Elements that are not considered “content” include the header graphics, the navigation menu, the sidebars, the ads, the buttons and so on. By displacing some of these elements below the fold, or removing them completely, you’ll increase the amount of content above the fold and the chances of engaging your visitors with your content, which will lead them to click to a second page on your site.
If you have a header image with a height of 300 pixels, for example, you could substitute it with a shorter one, making space for more content.
2. Move or remove your ads
If you monetize your website with advertising you’ll need to find a balance. Too many ads and your bounce rate will sky-rocket, which will hurt your earnings over the long run because visitors will not return to your site. Not enough ads and your earnings will also suffer, for obvious reasons.
Testing is a must here. If your bounce rate is already high, try moving the ads around to less intrusive locations, and track the results. You might even need to remove some of them to make the bounce rate acceptable.
If your bounce rate is not that high and you want to add more ads, do it gradually. That is, insert one more ad and track the bounce rate for a couple of weeks. If it hasn’t increased too much try adding another ad and track it again.
3. Link out moderately
We don’t recommend that you never link out to external sites for fear of losing visitors. This is a myth that old webmasters cultivated. Linking out to quality and relevant sites is a good practice, as it will provide value to your visitors and allow you to network with fellow site owners.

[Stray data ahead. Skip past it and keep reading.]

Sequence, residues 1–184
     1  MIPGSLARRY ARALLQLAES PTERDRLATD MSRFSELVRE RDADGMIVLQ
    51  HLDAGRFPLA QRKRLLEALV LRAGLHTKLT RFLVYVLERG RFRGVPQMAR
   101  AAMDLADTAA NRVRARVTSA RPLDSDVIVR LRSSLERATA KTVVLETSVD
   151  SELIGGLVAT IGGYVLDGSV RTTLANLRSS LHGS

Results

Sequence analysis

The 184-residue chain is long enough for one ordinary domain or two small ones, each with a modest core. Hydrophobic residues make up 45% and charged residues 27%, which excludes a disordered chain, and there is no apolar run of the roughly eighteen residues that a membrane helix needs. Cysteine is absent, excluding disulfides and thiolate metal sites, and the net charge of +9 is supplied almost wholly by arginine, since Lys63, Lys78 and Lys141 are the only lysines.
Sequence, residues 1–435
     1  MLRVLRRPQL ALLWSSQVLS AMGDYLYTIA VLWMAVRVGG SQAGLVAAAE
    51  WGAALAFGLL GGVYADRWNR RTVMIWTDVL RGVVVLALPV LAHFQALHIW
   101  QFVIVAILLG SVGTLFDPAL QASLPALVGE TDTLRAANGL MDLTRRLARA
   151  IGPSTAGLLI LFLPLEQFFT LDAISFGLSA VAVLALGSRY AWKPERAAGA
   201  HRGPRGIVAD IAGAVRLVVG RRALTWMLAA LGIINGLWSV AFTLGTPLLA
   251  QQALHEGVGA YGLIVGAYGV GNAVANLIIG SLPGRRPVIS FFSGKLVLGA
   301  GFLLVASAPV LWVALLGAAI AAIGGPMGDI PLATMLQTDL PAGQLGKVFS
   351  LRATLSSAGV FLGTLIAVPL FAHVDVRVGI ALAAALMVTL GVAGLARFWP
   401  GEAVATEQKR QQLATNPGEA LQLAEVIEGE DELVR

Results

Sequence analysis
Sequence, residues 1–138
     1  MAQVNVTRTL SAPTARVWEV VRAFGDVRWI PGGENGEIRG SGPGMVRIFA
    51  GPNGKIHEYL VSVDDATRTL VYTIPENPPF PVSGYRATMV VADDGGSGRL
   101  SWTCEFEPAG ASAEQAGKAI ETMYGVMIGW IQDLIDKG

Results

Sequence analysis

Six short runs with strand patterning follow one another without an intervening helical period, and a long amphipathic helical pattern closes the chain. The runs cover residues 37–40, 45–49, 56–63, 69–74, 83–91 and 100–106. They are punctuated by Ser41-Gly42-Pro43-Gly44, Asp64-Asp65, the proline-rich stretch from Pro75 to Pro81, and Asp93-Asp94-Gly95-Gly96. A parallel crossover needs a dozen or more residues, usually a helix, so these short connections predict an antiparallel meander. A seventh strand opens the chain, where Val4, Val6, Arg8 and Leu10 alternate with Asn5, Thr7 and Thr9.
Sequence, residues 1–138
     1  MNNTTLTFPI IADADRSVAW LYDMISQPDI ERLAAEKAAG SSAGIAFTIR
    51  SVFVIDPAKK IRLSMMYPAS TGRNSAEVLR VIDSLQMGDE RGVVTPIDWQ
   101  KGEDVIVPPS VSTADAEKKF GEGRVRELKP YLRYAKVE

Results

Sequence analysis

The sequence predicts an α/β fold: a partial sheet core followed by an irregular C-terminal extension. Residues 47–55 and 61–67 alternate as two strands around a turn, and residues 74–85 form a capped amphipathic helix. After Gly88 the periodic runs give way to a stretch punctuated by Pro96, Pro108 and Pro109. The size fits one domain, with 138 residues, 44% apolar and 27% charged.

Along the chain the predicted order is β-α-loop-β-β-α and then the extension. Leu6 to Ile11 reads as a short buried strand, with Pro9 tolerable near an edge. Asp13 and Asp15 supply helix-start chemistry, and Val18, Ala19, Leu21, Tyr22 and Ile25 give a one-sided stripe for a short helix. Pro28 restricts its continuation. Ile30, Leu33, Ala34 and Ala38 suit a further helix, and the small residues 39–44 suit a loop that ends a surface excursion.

However, you should link out moderately. For example, placing a “Blogroll” or “Sites We Like” section on top of your sidebar would be a bad idea because it would encourage visitors to leave your site even before they had a chance to read your content.
4. Make your navigation structure as clear as possible
Users must understand how to navigate your site quickly and easily. If they have trouble finding what they are looking for they will just leave.
First of all pay attention to your main navigation menu. Make sure it contains all the most important links, like the “Home” and “Contact” ones. It would be a good idea to include these important links in the footer as well.
Second, make sure users know what is clickable and what is not. If the titles of your posts look like normal text, for example, users will not know that by clicking on them they’ll be redirected to the page with the full post.
5. Tweak the size and format of your content
Web surfers have some characteristics you can’t ignore if you want to have an engaging site. First of all they have a short attention span. If you are displaying huge blocks of text on your homepage, for example, your bounce rate might suffer, because people will move away before they get a chance to read your content. It would be a good idea to use smaller paragraphs, and to make sure that all your content is easily scannable, in case visitors just want to get the important parts out.
Second, web surfers get bored easily. If you want them to stick around and visit more than one page on your site, therefore, you’ll need to hook them. The easiest way to do this is with catchy headlines. Professional copywriters often spend more time working on the headline than they do on the rest of the article. In other words, craft your headlines carefully and your bounce rate might decrease.